Liberty University President Jerry Falwell Jr’s endorsement of Donald Trump has provoked important questions about Evangelicals in retail politics. The senior Falwell, of course, was a founder of the Religious Right who helped rally many Evangelicals to Ronald Reagan and to conservative politics in the 1980s. It’s now common among many younger Evangelicals to bemoan the perceived failures and overreach of the old Religious Right. The younger Falwell has been widely critiqued by many conservative Evangelicals for endorsing a casino magnate not renowned for deep commitment to Christian ethical aspirations. Some lament the Evangelical brand has been further tarnished.
Falwell is just one of tens of millions of American Evangelicals. He speaks for a segment of that highly decentralized demographic. Nobody speaks for all, and perhaps no single figure speaks for most. Strong majorities, typically 70-75%, of white Evangelicals, who altogether are about 25% of America, vote Republican. But millions vote for Democrats. Among this cohort of about 80 million, millions of Evangelicals no doubt support Hillary Clinton or Bernie Sanders. This diversity is true for nearly all of America’s faith communities.
Among conservative Evangelicals there are growing apprehensions, sometimes even panic, about the country’s direction. Some, no doubt including many Trump supporters, hope for a strong leader who can steer America in a dramatically different direction. Others are more downbeat or even ambivalent about intense Evangelical political engagement. The senior Falwell was influenced by the influential late Presbyterian thinker and cultural critic Francis Schaeffer, who instructed a generation or two of Evangelical elites to battle for political and cultural reclamation against encroaching secularism. Schaeffer has fallen from favor, and most even well read Evangelical Millennials likely are barely aware of him.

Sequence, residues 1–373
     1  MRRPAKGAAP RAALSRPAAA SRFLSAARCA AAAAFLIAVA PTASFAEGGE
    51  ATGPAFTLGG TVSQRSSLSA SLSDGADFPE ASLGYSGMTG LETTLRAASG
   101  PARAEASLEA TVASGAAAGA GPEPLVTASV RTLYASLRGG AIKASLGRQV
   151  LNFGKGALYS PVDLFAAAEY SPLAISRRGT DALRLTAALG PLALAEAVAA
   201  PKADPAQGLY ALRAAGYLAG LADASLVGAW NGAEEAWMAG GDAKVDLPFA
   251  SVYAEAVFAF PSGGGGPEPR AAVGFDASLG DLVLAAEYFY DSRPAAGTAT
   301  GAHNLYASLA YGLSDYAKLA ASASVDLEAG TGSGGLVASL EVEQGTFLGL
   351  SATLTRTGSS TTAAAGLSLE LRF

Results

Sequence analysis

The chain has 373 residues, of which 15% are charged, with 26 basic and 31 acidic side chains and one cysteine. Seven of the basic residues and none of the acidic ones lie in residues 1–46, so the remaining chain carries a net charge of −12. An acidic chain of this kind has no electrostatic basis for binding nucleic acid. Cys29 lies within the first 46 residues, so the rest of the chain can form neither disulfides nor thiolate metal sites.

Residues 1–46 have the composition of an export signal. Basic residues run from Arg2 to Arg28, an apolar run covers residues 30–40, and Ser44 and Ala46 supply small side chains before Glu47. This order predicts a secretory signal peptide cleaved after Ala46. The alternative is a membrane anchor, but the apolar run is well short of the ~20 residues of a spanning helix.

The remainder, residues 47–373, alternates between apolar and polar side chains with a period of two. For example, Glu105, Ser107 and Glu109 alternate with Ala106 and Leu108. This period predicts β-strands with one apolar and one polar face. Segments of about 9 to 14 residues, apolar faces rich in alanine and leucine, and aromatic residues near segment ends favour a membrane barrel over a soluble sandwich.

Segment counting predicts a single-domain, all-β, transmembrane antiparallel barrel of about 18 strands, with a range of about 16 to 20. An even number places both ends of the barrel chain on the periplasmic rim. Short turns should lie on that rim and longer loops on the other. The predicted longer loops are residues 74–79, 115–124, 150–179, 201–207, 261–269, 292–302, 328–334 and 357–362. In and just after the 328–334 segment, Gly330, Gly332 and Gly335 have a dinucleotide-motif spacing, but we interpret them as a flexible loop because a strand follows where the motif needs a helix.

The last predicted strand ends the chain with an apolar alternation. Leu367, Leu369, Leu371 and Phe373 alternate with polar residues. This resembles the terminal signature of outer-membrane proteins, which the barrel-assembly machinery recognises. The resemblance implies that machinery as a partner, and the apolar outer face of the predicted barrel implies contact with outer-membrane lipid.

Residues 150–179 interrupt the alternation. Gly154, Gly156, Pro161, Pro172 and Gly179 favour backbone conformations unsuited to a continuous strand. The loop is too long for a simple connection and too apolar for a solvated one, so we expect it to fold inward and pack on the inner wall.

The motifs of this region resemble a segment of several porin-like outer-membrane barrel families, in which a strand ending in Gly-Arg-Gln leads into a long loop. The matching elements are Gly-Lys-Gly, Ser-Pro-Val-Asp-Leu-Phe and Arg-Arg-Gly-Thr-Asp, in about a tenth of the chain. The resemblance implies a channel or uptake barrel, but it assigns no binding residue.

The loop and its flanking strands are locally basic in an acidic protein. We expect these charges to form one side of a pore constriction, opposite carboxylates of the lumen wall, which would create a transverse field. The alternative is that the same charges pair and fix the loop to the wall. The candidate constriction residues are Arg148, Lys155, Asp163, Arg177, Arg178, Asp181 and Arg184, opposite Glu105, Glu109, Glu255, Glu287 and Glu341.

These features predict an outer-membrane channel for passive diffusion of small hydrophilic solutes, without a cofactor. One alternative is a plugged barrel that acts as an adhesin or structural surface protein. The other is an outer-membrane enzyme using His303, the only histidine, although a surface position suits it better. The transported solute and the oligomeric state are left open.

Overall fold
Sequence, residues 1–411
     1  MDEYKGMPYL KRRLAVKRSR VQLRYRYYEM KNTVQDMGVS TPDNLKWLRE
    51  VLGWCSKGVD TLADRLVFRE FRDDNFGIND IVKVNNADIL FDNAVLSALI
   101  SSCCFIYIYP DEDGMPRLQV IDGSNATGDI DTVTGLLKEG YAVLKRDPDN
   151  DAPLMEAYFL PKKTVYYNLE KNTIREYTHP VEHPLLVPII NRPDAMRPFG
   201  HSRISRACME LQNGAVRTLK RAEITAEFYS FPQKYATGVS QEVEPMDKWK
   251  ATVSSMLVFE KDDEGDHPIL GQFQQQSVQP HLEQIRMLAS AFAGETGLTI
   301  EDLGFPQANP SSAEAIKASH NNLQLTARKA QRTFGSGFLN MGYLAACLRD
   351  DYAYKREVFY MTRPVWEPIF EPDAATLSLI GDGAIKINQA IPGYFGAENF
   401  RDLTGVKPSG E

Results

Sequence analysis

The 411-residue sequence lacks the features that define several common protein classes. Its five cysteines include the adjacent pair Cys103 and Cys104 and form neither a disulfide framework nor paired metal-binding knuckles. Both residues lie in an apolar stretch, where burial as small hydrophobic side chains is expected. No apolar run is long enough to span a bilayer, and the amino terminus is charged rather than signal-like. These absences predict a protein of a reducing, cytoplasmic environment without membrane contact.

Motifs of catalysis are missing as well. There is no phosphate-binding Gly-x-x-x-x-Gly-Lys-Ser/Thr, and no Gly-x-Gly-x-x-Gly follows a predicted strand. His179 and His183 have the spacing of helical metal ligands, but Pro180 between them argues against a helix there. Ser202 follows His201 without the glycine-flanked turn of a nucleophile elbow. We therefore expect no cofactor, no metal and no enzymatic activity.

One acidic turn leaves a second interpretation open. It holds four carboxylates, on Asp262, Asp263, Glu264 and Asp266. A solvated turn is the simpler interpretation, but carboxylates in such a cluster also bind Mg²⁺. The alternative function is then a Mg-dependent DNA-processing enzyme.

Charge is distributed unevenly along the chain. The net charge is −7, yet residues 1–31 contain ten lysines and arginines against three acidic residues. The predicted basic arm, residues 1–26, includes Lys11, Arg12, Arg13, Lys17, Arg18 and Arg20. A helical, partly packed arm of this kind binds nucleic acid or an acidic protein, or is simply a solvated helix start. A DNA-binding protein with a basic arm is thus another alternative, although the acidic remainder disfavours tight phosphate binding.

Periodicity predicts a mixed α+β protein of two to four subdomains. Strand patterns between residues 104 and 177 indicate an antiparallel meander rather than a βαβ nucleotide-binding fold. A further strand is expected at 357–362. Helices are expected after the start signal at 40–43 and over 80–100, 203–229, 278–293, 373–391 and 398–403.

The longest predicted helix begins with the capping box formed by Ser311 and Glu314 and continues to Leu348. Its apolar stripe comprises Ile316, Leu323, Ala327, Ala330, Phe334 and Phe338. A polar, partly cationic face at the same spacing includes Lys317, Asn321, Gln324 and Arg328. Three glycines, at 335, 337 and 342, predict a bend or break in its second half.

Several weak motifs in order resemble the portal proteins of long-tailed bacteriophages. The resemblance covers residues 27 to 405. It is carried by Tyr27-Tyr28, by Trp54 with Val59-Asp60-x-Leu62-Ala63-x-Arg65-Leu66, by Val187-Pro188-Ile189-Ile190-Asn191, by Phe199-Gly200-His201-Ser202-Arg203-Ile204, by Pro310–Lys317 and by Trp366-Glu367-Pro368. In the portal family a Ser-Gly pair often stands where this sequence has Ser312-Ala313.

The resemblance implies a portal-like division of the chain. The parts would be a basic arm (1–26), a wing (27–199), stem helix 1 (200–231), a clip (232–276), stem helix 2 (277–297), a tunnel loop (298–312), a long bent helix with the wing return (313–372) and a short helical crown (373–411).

There is no equivalently influential intellectual political counselor among American Evangelicals today at a time when such counsel is more needed than ever. But there are good resources available, such as the recently published book One Nation Under God: A Christian Hope for American Politics, by Bruce Ashford of Southeastern Baptist Theological Seminary, co-authored with Chris Pappalardo. (I’ve not yet finished reading it but hope to review it soon!) Ashford has also been writing some excellent pieces for Canon and Culture, a Southern Baptist online journal, which encapsulate a lot of his perspective, the most recent of which is “The (Religious) Problem With Nationalism.”